Paul Kite, a guest director who takes the reins of Briarcliff’s excellent theater program from producer Ian Driver, said he chose “Urinetown” for a few reasons: “It’s a smart show, and it’s dark and I like dark things. And it’s an acting show.”
Set in a future world where water shortages have brought draconian measures — including public toilets where people have to pay to, well, pee — “Urinetown” simultaneously skewers and celebrates the musical-theater form, with songs like “Don’t Be the Bunny,” “Snuff That Girl,” “It’s a Privilege to Pee” and “Run, Freedom, Run.”
In Briarcliff, hero Bobby Strong (senior Joey Flihan) battles the powerful Caldwell B. Cladwell (senior Russell Francis), the head of the global UGC — Urine Good Company — the firm that runs the “public amenities” which all residents are required to use.
“Urinetown” represents a change at Briarcliff, which staged a serious and seriously powerful production of “The Hired Man” last year, an American first. Kite wanted to do something challenging and funny, something the kids would respond to.
Musical director Regina Leon took some convincing, Kite said.
“She was funny. She asked me ‘What’s it about? I hate the title!’ and I said ‘That’s the joke of the play!'” Kite recalled.
Flihan said the musical continues a Briarcliff tradition of choosing musicals that are out of the ordinary.
“We always have a show we’re sure he’s going to do,” Flihan said, referring to Driver. “This summer, we thought it would be ‘Chitty Chitty Bang Bang.’ And then in September, he came out with ‘Urinetown.'”
“I like it because I get a chance to sing every kind of song,” Flihan said. “There’s a gospel song, a klezmer type song, all kinds of songs.”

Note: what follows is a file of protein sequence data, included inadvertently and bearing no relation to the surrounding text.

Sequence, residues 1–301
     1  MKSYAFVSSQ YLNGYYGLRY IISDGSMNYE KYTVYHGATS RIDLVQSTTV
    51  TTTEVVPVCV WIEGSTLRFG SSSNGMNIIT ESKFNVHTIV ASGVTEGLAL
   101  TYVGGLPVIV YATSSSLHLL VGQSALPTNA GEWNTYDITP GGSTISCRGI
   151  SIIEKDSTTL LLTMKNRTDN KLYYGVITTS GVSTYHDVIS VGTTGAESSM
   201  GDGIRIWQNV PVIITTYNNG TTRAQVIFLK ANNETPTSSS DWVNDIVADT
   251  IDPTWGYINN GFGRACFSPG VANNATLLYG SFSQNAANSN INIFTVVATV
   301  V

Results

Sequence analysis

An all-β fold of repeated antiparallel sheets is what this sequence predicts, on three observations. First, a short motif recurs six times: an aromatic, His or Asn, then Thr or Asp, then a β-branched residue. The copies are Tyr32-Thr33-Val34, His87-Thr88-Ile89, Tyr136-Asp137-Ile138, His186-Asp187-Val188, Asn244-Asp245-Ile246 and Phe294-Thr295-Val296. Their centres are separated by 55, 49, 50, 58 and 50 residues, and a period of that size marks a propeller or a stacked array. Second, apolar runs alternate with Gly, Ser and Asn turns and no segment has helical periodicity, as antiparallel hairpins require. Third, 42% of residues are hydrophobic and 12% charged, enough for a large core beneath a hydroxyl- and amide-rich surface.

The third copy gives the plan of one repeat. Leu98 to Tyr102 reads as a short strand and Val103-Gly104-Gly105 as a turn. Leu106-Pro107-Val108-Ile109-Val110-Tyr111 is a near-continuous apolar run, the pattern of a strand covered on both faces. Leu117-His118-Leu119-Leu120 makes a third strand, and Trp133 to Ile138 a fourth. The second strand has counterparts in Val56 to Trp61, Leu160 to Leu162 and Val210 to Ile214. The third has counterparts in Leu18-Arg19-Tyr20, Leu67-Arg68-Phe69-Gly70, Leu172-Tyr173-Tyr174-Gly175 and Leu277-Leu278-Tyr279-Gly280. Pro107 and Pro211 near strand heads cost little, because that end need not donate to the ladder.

“You get to be in every kind of musical you want to be,” agreed senior Katie Simons, who plays Hope Cladwell, the villain’s daughter and Bobby’s love interest.
“Urinetown” is aware its title is awful, its subject is questionable and its motives are dubious. It’s all told with a wink and a nod, Simons and Flihan said.
“There’s a running thing in the show where everybody in the show is slightly aware at all times they’re in a show,” Flihan said. “There’s that element of presentation from every member of the cast.”
Still, Simons said, the show has a lot of meaning.
“It’s a ridiculous show, but it has so many little hidden ideas.”
Brian Danuff, 16, a junior who plays Officer Lockstock, the piece’s narrator, agrees.
“It’s a stupid, silly show, but at the same time, it’s smart and complex,” Danuff said. “All of these ideas and beliefs are swirling around.”
Danuff said Lockstock “has his hand on every aspect of the show, constantly butting in with his thoughts and overview of what goes on.”
He is regularly trailed, pestered and questioned by the stuffed-animal-toting Little Sally (sophomore Melissa Goldberg), but does his best to keep things running, and set the musical’s subversive, quirky tone.
Russell Francis, 17, a senior, said playing the over-the-top villain, Caldwell B. Cladwell, is “playing the hammiest, unapologetically evil guy you can, and it is so much fun to do.”
Simons said Hope changes over the course of the musical.
“I like how two-sided she is,” Simons said. “At first, she’s kind of naive and stupid. She’s pretty stupid, even though she’s just come back from university. And at the end, she’s pretty deadly, so it’s fun to play two different characters at the same time.”
Flihan called the musical choice “a welcome change of pace.”
“Last year, ‘The Hired Man’ was excellent, one of the best things I’ve ever had the opportunity to do,” he said. “It was so cathartic and real. But now this year we get to be funny.”
He thought a second, then added with a laugh.
“We don’t get to be happy. We’ll never get to be happy. But we get to be funny. And thank God we get to be funny.”
“Urinetown,” 7.30 p.m., March 6, 7; 3 p.m. March 8. $15. 866-967-8167. showtix4u.com.
Here’s the Running Lines video I shot at Briarcliff. Enjoy!